The next thing I see is Fran down on the dive deck. Two crewmen were trying to help her up, but she was not getting up all too quickly. The main dive master, Marian who was otherwise known as Divemaster McDreamy to all the ladies, asked for my assistance to assess Fran. She had slipped and landed squarely on her left knee. The crew got Fran to her back so we could better see what was going on. She was very pale and thought that she might throw up. Her left patella was in a concave presentation and I suspected that it was shattered. Meanwhile the crew had brought the backboard, a splint, and some Ace wraps. After the crew placed Fran carefully on the backboard I assisted Marian with stabilizing the fracture, but in actuality, this crew really needed no assistance, they knew exactly what to do.
Fran was carried inside the main cabin lounge where we could keep her warm & get her out of the wet swim clothing. We carefully elevated and placed support under her leg. Her left foot CSMs (color, circulation, sensation, and movement) were WNL. (within normal limits). I marked the pulse sites for quick reference for the next medical person that took over. I also charted all of the pertinent info & Frannie health stats on paper for the next person. I hoped they could read my writing. We needed to cut Fran out of the bathing suit since we did not want to have to manipulate her leg positioning. Her long time dive buddy Kit was by her side and was able to get a “go bag” ready for her to take to the hospital. The crew had put up a curtain to create some privacy. It was like being in PACU again, only everyone was in swimsuits. Fellow passengers offered anti-nausea meds and pain meds to help. Since Fran was worried about nausea with pain meds she only took the anti-nausea med. Help was on the way so we waited for Navy medics to come on board to help. The Diver Alert Network had already been contacted to assist with arranging transportation to the nearest hospital. The Navy medics got our tough little Frannie onto their vessel and sped away to Palawan to the hospital there.
Dive day #5. I got to go on all the dives that I desired. I did not want to sit out on a dive since life is so uncertain and you never know what may happen if you sit things out. If you sit out, you could miss out. Life & circumstances can turn on a dime, or as in our case, turn on a “dive”. The night dive was fun with my Sola video light. I could see half of the Sulu Sea with that mega torch!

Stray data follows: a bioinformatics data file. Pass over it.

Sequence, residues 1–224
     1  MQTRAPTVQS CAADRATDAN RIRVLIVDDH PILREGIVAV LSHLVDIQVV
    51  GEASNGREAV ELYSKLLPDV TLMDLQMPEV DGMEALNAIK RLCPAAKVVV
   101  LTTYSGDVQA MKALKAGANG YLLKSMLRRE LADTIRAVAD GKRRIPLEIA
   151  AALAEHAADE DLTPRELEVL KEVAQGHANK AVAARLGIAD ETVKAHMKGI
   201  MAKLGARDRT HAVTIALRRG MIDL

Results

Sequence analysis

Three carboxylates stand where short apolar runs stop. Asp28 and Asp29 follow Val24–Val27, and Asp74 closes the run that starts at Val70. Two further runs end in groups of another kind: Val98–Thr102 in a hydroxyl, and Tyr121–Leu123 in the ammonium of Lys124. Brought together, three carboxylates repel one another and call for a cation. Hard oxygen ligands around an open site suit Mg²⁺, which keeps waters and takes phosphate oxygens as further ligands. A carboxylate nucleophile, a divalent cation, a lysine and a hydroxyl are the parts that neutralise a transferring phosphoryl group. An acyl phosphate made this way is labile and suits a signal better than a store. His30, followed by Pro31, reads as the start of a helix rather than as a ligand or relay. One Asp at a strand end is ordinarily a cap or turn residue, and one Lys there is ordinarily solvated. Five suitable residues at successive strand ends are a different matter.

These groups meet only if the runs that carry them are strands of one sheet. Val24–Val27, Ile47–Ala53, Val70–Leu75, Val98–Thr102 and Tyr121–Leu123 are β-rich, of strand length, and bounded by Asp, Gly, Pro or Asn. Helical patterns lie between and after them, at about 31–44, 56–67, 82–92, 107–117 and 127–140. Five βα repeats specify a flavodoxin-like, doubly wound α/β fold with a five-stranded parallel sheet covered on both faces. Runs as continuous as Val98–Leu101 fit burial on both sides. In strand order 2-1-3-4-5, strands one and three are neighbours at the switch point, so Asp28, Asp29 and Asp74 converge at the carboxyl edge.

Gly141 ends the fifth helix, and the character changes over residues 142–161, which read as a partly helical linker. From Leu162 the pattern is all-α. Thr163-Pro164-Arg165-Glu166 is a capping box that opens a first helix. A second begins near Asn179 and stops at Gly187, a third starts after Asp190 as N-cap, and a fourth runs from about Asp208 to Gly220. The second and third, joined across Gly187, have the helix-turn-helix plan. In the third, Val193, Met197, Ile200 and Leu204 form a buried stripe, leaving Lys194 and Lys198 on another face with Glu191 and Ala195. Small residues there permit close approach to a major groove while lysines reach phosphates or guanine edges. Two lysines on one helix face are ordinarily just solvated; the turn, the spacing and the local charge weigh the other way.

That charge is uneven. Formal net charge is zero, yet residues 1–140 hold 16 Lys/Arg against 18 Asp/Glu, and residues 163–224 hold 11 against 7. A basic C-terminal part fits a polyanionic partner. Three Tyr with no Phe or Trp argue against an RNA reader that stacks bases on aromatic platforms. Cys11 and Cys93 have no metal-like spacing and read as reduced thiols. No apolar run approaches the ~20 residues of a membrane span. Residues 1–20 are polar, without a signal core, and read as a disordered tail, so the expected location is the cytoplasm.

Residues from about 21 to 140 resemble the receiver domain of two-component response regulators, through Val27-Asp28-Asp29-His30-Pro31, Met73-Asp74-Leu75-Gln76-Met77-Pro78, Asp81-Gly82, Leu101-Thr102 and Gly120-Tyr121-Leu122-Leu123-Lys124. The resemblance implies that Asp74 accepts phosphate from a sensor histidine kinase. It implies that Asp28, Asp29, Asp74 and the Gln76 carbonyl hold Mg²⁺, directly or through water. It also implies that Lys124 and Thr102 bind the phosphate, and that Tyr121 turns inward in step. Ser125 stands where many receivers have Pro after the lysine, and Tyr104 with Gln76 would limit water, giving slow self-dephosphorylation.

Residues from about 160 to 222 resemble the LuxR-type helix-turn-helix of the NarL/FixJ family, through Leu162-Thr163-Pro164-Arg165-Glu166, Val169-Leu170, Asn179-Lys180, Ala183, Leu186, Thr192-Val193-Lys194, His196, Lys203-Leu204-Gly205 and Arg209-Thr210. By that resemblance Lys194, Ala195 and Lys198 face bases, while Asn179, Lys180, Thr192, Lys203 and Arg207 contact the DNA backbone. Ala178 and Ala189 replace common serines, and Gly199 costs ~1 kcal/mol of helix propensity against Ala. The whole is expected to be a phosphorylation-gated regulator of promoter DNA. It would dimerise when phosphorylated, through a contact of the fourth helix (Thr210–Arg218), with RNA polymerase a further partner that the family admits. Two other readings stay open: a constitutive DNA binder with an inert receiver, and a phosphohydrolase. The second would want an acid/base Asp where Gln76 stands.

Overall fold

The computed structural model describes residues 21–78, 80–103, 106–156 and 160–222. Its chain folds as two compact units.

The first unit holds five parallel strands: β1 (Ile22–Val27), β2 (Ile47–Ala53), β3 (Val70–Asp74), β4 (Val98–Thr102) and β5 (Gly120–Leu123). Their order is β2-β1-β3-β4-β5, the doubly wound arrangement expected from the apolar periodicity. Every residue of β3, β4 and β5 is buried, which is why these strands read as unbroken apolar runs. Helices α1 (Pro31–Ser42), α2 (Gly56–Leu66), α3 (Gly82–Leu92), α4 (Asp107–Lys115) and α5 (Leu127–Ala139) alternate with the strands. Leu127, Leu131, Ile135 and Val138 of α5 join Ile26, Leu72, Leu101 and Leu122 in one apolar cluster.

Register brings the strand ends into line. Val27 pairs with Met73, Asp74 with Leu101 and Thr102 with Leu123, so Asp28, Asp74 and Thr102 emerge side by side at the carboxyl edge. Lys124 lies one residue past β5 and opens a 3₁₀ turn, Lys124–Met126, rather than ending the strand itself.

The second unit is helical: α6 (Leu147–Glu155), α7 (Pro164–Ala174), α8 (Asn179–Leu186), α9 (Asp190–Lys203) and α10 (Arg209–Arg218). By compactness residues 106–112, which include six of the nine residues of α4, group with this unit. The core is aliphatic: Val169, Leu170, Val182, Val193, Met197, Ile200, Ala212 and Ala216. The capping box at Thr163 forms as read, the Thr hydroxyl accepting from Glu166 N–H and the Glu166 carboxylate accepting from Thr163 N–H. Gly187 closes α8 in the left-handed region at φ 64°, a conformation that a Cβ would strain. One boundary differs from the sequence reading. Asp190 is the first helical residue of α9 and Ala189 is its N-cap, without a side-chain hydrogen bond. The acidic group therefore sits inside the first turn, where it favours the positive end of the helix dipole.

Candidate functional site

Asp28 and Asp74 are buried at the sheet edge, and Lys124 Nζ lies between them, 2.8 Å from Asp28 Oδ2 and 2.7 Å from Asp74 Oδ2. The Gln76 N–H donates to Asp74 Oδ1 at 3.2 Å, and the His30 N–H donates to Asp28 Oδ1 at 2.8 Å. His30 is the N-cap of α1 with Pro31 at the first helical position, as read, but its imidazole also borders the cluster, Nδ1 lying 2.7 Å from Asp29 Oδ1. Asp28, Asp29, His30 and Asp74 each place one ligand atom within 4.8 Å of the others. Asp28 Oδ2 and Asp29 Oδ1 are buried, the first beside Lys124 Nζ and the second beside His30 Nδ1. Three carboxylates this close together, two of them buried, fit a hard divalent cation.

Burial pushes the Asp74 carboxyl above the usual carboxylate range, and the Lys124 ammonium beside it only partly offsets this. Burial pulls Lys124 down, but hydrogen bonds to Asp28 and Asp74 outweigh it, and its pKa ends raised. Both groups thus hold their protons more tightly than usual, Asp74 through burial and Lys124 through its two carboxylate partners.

I want a second one so I can do more video clips for more fish behavior footage. Honestly though, I absolutely hate video editing. I may have to hire someone with more patience for that tedious chore.
Dive Day #6 was a 2 dive day since Ron, Chris, and I had to fly out from Palawan on the 24th and we like to have a 24 hour decompression window for flying. I got to finish the dive trip underwater with Ron, Chris, and my dive buddy was Divemaster McDreamy for the last 2 dives, yay.
The long passage back to Palawan was rough and the ship tossed and swayed about while our top-notch Chef continued to prepare our exquisite meals in spite of the impossibility to stand or walk. I collapsed into the giant bean bag on the floor of the lounge so I could stay in place while editing photos. I became enveloped into the bean bag like an Anemone fish in the Carpet Coral as the waves tossed the ship about. This swaying, tossing, and the sound of breaking dishes in the kitchen went on for at least 4 hours or more. I started timing the crashing sounds in the kitchen. They were about 20 minutes apart like the beginning of contractions. I never heard one complaint out of that kitchen. I guarantee that if I was the one trying to cook on that rocking horse cruise, the passengers would have heard, “Screw this, y’all are getting peanut butter & jelly sandwiches, so deal with it.”
A note about the chef. This was by far the best cuisine I have had on a dive trip. I’m talking 5 star, from scratch baked goods, perfectly prepared entrees, and abundance of healthy choices and variety, and knock-your-socks-off desserts that I challenge anyone to beat. All meals were exquisitely and professionally presented to each passenger.
I felt sorry for the seasick folks. For whatever reason I was only chummy to the tummy at the onset of the trip. I did not apply my Scopolamine patch since I hate dry mouth and the reduced alertness I feel on that med.